Balanced XLRs are used for both the mic inputs and outputs, and these are to be found on the rear panel along with unbalanced output jacks — a useful option for anyone plugging into an unbalanced insert return. High‑impedance, unbalanced line jacks are located on the front panel.

To set the degree of valve coloration, the Input Gain is used in conjunction with the 20dB switch, while keeping an eye on the four drive LEDs. Green indicates a clean sound, while the two Yellows show that a degree of warmth is to be expected. If the meter stays in the Red, it indicates clipping, which is perhaps best avoided unless you're using the unit as a valve fuzz box for your guitar. In normal use, the red LED will probably flash only on signal peaks.

The Pro Mpa

Though the circuitry employed in the Pro MPA is rather more sophisticated than that found in the Dual MP, the general facilities are broadly similar, the obvious exception being that the Pro MPA has two large, back‑lit moving‑coil meters to monitor the output levels, in addition to the LED bargraph, which shows the tube drive conditions. There's also a high‑pass filter before the gain stage, which provides a gentle 6dB/octave slope with a continuously variable frequency of 7Hz to 150Hz. There's no Bypass for this filter, but if you set it down at 7Hz, it's as good as bypassed for all practical purposes.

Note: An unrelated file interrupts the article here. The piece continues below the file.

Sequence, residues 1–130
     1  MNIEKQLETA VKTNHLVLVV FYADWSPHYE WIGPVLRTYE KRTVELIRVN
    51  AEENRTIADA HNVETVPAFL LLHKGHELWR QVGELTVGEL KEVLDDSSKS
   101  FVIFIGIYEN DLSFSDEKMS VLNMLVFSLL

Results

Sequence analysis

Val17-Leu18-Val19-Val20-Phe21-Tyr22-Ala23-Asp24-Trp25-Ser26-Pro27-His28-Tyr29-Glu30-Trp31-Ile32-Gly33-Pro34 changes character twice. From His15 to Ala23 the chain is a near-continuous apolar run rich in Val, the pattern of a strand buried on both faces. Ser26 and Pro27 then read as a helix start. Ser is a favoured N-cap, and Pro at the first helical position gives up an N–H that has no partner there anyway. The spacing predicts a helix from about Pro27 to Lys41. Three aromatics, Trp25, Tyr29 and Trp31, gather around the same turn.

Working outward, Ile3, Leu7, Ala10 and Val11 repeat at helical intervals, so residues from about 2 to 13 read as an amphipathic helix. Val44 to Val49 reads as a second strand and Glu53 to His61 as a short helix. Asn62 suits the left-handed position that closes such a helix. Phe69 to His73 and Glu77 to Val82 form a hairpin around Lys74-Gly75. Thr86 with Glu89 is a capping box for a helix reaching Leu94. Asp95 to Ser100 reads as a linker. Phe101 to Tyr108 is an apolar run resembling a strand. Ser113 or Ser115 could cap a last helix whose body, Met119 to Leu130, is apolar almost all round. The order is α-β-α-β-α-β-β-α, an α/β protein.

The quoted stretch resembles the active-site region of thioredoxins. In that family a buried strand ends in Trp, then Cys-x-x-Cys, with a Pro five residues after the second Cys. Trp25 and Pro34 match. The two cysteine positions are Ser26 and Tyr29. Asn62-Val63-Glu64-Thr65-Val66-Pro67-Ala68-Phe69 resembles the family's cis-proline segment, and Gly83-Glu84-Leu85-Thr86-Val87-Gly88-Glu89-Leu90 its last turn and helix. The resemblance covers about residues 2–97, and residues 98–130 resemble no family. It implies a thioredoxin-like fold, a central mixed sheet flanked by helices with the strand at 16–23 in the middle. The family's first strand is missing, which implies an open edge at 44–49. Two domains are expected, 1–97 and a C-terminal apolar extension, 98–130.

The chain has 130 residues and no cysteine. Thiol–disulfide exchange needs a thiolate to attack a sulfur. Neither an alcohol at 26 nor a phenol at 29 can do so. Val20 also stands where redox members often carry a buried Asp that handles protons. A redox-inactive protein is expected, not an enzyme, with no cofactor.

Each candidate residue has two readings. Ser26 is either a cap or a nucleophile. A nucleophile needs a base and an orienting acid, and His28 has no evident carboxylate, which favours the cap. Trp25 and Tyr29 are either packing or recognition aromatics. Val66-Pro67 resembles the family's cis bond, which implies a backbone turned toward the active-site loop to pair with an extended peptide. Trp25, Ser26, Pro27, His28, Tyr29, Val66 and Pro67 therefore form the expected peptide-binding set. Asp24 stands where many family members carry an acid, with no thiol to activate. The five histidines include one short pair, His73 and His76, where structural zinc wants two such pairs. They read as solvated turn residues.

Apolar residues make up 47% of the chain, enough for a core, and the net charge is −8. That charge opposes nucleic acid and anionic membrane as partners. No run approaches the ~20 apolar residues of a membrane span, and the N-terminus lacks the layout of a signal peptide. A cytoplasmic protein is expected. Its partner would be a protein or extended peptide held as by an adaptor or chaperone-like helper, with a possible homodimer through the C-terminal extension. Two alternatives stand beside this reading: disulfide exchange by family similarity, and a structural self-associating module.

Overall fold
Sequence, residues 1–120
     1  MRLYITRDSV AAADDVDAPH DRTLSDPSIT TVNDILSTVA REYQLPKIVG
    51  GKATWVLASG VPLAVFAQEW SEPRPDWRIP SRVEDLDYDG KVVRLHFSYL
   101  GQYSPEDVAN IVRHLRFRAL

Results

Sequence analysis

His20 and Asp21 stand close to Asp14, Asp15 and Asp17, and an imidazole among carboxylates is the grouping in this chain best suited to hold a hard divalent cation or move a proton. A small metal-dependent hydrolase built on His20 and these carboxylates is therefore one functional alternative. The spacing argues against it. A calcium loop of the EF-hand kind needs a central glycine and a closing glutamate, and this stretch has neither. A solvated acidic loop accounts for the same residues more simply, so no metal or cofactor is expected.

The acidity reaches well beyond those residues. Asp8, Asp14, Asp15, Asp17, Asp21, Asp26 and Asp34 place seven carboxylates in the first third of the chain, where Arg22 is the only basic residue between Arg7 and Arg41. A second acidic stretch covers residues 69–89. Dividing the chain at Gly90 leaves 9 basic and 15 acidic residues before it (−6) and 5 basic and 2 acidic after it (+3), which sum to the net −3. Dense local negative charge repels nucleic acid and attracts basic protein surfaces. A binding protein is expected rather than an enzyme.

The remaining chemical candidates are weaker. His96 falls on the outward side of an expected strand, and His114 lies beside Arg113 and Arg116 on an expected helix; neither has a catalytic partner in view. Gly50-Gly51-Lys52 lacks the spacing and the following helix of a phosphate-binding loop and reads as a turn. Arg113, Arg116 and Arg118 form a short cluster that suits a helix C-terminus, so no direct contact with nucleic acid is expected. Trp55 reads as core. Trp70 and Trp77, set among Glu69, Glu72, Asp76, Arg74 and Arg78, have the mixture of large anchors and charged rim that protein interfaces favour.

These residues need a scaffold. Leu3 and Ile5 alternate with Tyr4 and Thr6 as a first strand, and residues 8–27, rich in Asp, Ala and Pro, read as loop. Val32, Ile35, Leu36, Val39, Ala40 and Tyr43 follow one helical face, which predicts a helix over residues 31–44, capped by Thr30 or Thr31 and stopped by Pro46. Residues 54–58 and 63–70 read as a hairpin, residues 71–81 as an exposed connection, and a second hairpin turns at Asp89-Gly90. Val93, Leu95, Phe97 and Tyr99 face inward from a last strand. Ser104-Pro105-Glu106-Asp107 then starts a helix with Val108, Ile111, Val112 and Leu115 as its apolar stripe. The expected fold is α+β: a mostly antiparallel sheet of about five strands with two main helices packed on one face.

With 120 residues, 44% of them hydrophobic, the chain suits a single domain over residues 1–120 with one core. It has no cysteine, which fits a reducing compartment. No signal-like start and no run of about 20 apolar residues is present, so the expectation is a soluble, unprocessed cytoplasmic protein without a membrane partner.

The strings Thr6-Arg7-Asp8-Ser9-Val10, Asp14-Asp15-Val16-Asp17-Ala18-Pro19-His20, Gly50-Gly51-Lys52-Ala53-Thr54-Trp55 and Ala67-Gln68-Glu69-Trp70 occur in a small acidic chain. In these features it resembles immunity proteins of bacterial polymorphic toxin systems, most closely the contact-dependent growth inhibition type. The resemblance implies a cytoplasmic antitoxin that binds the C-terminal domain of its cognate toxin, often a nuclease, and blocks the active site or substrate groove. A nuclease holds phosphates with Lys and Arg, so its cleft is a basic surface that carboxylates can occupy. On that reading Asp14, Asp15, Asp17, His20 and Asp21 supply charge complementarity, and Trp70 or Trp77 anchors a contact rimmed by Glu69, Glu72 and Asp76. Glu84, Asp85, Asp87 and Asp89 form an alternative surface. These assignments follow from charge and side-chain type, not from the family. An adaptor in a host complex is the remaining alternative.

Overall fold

All the Pro MPA's audio connections are on the rear panel, and once again, there's a choice between XLRs or unbalanced jacks with jack sockets providing high‑impedance inputs for use with electric guitars and basses. Status LEDs are provided for all the buttons.

A glance inside the box reveals that the input stages are placed right behind the input XLRs as opposed to on the main circuit board (where they are on the Dual MP). This is a good move, as it minimises the risk of interference from inside the box being picked up by the input electronics. A further plus point is that the valves are fitted with screening cans in the Pro MPA.

Warmed Up